Today’s K-W-H-L Chart

by Robert Pondiscio
January 6th, 2009

What We Know

The Washington Post reports D.C.’s Council head will seek an independent evaluator to assess the progress of Michelle Rhee’s reforms.  But careful readers saw WashPost columnist Colbert King let that cat out of the bag in his column about Rhee over the weekend…..With his Chicago roots, Alexander Russo at This Week in Education seems to be on a mission to own incoming Ed Secy Arne Duncan in the blogosphere.  He’s off to a good start, breaking more Duncan news again today.

What We Want to Find Out

Is it possible to get your kids into Sidwell Friends or another top-shelf private school in the middle of the school year if you’re not the President-elect?  Where are the progeny of other high-ranking Obama appointees and their staff sending their children?….Will history judge George W. Bush favorably for NCLB?  Outgoing Ed Secy Margaret Spellings thinks so, telling USA Today it’s “the most significant thing to happen in the history of this department.”… If teachers in Fayette County, Georgia will go along with the school board’s request to voluntarily return pay raises they received last spring to close the schools’ budget gap. 

What We Learned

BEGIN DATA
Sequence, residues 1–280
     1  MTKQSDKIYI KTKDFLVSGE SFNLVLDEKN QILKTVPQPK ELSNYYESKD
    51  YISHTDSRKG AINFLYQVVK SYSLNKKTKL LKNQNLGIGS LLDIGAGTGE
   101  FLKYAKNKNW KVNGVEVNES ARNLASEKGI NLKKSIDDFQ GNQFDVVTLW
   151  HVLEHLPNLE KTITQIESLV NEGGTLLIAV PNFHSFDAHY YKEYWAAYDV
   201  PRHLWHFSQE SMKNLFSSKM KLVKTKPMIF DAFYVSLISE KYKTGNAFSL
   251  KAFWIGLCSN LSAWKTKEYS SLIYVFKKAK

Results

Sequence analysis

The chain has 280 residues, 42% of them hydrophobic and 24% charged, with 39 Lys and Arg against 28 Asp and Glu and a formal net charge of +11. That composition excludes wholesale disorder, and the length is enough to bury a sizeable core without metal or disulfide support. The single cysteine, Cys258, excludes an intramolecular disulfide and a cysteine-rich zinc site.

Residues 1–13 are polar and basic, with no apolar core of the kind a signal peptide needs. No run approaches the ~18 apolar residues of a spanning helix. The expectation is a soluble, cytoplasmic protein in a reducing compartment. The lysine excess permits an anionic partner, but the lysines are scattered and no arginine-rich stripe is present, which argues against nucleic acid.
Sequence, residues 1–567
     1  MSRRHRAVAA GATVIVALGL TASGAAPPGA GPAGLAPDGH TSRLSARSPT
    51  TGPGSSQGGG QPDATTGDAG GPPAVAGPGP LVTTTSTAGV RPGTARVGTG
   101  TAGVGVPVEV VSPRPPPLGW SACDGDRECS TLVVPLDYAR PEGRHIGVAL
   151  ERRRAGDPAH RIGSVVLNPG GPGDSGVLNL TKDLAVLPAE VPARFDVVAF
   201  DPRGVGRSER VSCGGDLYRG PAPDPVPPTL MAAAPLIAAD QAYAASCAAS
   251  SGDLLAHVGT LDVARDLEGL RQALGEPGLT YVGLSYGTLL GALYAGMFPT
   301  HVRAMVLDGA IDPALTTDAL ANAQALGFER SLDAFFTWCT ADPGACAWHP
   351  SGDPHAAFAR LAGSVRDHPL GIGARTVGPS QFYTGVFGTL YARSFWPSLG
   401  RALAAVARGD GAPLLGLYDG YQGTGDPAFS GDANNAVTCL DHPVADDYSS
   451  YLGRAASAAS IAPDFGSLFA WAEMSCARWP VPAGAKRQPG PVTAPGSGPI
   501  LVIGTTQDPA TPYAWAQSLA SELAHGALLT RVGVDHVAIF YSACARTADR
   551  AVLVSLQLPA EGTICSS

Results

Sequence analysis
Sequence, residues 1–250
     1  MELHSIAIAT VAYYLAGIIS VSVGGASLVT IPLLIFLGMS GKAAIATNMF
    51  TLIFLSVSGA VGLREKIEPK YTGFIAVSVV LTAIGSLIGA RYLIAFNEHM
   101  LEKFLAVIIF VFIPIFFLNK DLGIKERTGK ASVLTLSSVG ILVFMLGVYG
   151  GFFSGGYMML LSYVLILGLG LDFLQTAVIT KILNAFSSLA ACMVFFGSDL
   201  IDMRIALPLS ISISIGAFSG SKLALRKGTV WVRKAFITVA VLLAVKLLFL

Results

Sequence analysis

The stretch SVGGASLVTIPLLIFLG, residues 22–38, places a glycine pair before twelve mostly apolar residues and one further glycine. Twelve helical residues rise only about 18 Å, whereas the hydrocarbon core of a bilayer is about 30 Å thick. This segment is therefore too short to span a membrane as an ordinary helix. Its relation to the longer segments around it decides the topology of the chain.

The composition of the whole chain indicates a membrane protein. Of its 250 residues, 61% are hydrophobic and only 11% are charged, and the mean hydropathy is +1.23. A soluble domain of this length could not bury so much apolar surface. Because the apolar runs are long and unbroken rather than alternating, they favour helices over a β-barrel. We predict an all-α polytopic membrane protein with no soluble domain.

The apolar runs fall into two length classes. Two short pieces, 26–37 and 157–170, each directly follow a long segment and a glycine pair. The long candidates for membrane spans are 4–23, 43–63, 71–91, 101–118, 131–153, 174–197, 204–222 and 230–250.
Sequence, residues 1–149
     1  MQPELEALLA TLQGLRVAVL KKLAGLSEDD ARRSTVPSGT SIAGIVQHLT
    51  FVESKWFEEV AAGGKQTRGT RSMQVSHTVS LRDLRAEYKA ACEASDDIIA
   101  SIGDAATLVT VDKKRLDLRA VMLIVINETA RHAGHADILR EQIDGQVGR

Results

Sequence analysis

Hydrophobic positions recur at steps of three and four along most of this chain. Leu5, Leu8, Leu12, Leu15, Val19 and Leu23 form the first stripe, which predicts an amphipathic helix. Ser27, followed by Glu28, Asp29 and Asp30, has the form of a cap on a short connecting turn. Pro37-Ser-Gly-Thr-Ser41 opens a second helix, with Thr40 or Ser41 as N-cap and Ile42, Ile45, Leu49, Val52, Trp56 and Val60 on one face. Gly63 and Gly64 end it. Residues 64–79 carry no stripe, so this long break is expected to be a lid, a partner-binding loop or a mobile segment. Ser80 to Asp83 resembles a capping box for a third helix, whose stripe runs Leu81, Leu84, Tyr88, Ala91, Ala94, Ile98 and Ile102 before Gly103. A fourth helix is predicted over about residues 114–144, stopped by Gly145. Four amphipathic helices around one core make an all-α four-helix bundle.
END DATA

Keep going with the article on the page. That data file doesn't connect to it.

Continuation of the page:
Michigan requires students “take an online class or have an online educational experience in order to graduate.”….For the first time in history, the national Parent Teacher Association will be a Dad. 

How We Can Learn More

The NCEE’s What Works Clearinghouse released a new report on “Curiosity Corner,” an early childhood curriculum emphasizing children’s language and literacy skills….Research from the University of Wisconsin indicates the risk of autism increases for firstborn children and children of older parents…..A U.K. researcher claims playground taunts improve social skills and help children develop a sense of humor.  “Teasing and nicknames are an essential part of life and should not automatically be confused with bullying,” he claims.

Whitmire’s Swan Song

by Robert Pondiscio
January 6th, 2009

One of the real good guys education journalism is saying farewell, for now at least, from ink-stained wretchdom.  Richard Whitmire, USA Today editorial writer and Why Boys Fail edublogger, has taken a buyout and bows out with a piece in today’s paper “How to turn Obama’s success into gains for black boys.”